Lenin Enrollment in the Party

The following article is from The Great Soviet Encyclopedia (1979). It might be outdated or ideologically biased.

Lenin Enrollment in the Party


the large-scale admission of front-rank workers into the RCP (Bolshevik) in 1924, after Lenin’s death. The working people’s unity with the party and their desire to carry on Lenin’s cause were shown by the workers’ striving to join the RCP(B).

At workers’ meetings in plants and factories resolutions were adopted to join the party en masse. The Plenum of the Central Committee of the RCP(B), held Jan. 29–31, 1924, recognized the great political importance of the large-scale entry of workers into the party, and in order to organize it the plenum proclaimed the Lenin enrollment. The plenum issued the appeal “To Working Men and Women” and adopted the special resolution “On Admitting Workers From the Bench into the Party.” It resolved to admit to the party only industrial workers; special attention was given to admitting into the RCP(B) workers who were members of the Komsomol. The Central Committee adopted a resolution admitting 20,000 poor and middle peasants into the party.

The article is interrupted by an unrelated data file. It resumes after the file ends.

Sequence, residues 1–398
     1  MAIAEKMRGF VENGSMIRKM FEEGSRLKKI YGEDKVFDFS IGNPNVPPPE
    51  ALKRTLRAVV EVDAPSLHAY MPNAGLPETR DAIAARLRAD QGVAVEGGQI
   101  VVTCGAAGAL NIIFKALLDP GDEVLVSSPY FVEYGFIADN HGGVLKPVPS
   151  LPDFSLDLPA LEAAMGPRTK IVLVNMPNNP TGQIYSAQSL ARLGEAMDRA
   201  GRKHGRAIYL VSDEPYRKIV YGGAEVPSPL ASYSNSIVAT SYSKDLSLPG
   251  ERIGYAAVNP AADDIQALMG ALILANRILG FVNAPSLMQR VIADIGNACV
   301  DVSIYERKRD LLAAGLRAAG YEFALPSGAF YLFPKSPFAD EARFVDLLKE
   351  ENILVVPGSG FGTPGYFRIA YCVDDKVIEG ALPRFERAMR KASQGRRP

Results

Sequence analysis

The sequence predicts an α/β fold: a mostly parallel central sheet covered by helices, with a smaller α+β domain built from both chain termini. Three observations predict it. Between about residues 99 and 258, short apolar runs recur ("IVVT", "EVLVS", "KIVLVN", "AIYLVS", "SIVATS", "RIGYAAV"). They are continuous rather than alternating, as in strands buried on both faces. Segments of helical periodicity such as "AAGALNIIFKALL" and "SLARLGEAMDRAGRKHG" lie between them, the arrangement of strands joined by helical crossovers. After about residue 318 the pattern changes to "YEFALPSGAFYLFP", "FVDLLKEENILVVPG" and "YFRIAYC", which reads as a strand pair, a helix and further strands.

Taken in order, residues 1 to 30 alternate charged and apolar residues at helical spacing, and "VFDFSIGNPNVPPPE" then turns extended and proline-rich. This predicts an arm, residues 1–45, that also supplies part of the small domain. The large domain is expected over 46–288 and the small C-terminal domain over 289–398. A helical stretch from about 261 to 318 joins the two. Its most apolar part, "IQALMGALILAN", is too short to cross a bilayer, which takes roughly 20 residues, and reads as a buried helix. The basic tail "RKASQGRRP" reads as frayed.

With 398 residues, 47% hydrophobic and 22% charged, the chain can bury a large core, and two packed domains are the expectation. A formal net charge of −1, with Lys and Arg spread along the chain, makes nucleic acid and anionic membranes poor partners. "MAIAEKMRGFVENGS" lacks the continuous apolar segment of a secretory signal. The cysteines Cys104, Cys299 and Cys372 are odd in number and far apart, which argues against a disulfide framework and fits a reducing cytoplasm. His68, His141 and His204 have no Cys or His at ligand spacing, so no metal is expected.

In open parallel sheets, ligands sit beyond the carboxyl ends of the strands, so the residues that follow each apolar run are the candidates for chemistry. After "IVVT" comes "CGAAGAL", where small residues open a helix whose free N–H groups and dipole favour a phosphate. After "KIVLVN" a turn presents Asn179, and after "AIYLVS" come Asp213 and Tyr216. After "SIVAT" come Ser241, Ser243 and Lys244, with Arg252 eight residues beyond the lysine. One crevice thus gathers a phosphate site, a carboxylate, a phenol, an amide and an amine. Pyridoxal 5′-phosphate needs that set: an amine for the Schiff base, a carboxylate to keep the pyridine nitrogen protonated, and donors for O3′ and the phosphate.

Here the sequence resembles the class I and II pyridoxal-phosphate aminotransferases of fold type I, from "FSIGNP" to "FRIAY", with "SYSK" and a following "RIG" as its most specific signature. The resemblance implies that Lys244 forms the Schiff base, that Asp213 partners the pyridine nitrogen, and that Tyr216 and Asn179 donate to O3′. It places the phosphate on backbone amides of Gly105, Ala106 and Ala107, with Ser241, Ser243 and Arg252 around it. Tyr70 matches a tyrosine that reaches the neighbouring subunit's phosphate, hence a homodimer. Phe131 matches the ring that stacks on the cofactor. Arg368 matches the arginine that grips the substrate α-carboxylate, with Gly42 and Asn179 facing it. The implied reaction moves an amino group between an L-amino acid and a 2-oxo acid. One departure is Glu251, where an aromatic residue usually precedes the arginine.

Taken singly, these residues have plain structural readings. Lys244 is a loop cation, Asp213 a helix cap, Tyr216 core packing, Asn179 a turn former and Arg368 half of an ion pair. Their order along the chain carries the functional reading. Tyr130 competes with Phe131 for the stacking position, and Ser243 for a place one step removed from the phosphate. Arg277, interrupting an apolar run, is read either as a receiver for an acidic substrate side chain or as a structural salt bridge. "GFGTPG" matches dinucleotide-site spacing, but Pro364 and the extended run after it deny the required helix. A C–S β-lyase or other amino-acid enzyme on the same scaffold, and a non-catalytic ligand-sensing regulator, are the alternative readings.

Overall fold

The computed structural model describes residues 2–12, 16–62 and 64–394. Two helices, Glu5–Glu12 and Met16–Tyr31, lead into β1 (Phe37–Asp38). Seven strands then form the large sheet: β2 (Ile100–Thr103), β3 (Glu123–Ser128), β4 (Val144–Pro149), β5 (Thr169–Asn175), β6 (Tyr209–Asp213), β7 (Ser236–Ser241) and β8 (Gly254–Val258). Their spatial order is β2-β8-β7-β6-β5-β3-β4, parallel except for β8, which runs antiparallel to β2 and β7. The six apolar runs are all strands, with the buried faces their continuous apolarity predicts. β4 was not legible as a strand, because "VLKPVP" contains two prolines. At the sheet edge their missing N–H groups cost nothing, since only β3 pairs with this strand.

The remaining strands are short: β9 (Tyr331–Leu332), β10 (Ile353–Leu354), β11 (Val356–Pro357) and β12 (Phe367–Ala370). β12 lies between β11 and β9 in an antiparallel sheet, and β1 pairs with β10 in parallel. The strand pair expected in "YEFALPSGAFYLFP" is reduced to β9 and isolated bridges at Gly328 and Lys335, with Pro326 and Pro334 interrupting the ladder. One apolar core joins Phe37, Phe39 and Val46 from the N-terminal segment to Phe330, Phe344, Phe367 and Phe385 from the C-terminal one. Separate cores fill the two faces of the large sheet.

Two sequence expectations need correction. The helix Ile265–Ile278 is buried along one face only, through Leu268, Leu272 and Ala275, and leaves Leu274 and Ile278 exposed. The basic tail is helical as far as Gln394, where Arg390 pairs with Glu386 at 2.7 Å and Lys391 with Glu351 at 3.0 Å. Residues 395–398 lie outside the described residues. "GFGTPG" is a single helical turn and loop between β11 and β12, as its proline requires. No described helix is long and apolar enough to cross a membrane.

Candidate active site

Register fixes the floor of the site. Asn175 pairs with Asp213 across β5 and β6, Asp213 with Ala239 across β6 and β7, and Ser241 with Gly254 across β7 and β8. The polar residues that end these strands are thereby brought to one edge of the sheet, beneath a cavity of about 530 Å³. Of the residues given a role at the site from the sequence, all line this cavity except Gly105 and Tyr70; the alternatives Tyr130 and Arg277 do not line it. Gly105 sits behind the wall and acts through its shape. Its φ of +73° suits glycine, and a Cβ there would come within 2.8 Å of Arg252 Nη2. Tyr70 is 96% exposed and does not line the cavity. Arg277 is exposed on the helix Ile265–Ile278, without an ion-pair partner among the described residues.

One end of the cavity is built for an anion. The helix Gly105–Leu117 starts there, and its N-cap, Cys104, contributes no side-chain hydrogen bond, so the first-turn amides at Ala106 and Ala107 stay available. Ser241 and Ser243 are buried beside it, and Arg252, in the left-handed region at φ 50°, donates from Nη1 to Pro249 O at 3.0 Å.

Group applications were permitted, but new members were admitted on an individual basis at open party meetings. If those who wished to join did not have a recommendation, the Central Committee granted party committees the right to consider their application at general meetings of the workers of an enterprise with the active participation of nonparty persons. This facilitated the selection of the best workers for membership in the party and strengthened the party’s ties with the masses. The period from February 15 to May 15 was designated for carrying out the Lenin enrollment. Between Jan. 22 and May 15, 1924, more than 350,-000 applications were submitted and 241,600 persons admitted, of whom 92.4 percent were workers. Thus the social composition of the RCP(B) was improved; in January 1924 44 percent of party members were workers and in May 1924, 60 percent. The Lenin enrollment attested to the enormous prestige of the party and helped strengthen the dictatorship of the proletariat and the alliance between the working class and peasantry.


KPSS v rezoliutsiiakh iresheniiakh s”ezdov, konferentsii i plenumov TsK, 8th ed., vol. 2. Moscow, 1970, pp. 534–36. Vol. 3: Moscow, 1970, pp. 11–16.
Istoriia KPSS, vol. 4, book 1. Moscow, 1970. Pages 315–19.
Gorlov, P. M. Leninskii prizyv. Moscow, 1962.
The Great Soviet Encyclopedia, 3rd Edition (1970-1979). © 2010 The Gale Group, Inc. All rights reserved.